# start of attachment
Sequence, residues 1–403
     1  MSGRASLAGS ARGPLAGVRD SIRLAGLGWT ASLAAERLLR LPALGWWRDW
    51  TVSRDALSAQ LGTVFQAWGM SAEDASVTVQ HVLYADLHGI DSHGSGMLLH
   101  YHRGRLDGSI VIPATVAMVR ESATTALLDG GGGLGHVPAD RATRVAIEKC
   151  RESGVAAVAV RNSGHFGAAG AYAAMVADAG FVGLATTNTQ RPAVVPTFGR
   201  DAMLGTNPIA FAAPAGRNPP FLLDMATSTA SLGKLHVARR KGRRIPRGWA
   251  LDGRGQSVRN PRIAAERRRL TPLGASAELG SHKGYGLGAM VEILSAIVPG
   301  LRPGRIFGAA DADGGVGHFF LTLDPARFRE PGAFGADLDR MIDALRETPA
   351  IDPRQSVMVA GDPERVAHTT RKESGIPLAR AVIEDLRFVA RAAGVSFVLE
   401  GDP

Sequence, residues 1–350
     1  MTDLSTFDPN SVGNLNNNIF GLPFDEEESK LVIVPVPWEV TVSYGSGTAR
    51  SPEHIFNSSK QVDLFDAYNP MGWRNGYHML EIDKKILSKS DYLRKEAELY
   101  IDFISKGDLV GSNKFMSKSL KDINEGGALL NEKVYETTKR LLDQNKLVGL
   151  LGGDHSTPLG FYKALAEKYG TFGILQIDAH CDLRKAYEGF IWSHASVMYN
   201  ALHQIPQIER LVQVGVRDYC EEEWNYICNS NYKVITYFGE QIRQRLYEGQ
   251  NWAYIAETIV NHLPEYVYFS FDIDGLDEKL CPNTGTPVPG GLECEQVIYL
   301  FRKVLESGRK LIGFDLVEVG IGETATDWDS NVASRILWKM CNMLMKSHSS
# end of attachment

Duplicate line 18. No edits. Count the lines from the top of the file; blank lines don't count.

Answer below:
   301  FRKVLESGRK LIGFDLVEVG IGETATDWDS NVASRILWKM CNMLMKSHSS